Crater

The Cup

Constellation of the southern sky

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Map of Crater

Derivation

Crater is a very ancient constellation: this region of the sky was known as 'The Cup' at least as long ago as the second century, and the name is almost certainly older.

According to myth, the god Apollo sent a crow (represented by Corvus, the neighbouring constellation) to fetch the Water of Life in a Cup. Tempted by figs, the crow forgot its errand and dropped the cup, returning with a water-snake (Hydra) in its claws. The infuriated deity banished all three, crow, cup and water-snake, to the sky.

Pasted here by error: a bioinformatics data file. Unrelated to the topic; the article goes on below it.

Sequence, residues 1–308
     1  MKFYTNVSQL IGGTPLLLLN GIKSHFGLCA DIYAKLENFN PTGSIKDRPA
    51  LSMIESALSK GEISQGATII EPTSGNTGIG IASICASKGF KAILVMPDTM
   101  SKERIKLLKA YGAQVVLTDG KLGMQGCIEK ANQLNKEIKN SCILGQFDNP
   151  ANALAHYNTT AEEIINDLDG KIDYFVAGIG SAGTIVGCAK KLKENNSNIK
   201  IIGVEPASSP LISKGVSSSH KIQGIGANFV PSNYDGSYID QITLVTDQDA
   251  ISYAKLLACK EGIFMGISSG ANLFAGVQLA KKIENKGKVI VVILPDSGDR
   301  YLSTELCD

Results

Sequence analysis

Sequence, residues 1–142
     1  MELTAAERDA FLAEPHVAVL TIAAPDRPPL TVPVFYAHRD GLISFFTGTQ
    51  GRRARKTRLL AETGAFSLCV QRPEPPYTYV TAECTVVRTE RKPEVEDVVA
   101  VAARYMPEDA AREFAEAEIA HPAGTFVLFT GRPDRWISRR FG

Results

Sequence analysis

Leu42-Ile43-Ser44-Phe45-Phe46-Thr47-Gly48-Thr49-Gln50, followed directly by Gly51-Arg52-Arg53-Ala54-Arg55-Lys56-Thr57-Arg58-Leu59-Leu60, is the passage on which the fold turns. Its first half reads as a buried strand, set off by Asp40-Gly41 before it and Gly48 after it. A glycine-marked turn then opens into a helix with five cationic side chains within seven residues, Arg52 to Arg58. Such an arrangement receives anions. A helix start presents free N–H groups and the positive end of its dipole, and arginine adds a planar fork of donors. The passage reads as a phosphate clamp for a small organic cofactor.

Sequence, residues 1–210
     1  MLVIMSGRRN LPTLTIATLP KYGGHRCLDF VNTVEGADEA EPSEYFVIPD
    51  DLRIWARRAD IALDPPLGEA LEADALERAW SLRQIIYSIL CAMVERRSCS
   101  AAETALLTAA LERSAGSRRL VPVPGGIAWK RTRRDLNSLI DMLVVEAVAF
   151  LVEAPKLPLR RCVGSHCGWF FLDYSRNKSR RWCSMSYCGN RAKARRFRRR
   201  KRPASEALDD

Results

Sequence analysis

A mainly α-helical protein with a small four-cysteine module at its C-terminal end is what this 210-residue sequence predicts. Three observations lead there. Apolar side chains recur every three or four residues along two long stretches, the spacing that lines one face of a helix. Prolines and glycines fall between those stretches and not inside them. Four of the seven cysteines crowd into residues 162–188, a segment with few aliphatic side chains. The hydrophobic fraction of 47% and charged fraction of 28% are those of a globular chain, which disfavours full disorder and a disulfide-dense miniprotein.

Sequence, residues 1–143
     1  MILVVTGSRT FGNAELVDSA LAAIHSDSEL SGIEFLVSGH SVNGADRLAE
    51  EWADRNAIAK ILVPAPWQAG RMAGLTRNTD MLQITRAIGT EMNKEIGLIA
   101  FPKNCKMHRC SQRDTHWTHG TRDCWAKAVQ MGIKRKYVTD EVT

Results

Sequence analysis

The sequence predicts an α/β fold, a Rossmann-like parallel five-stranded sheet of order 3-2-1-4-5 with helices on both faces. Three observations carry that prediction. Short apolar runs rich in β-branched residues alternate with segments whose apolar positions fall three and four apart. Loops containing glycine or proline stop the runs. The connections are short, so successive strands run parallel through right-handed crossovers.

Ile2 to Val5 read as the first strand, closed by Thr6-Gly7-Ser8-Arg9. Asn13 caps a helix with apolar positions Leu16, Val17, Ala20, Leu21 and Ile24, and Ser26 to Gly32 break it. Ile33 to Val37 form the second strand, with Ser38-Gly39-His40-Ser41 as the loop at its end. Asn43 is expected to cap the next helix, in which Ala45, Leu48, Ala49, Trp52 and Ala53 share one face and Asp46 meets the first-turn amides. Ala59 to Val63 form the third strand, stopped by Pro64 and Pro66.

Stars

The stars of Crater are unremarkable except in one respect; their unusual uniformity. Most lie between 100 and 200 light years from the Sun, are between fourth and fifth magnitude, and belong to the K-type orange spectral classification. There is, almost certainly, no astronomical reason why this should be - the stars are separated from one another by dozens of parsecs, and their similarity to one another appears to be a remarkable coincidence.

The Alpha star is known as Alkes, but at a faint magnitude of just over four, this is not easily distinguished as the brightest of the group. In fact, though, it is an orange giant, and would be considerably more noticeable if it were closer than its actual distance of 174 light years.

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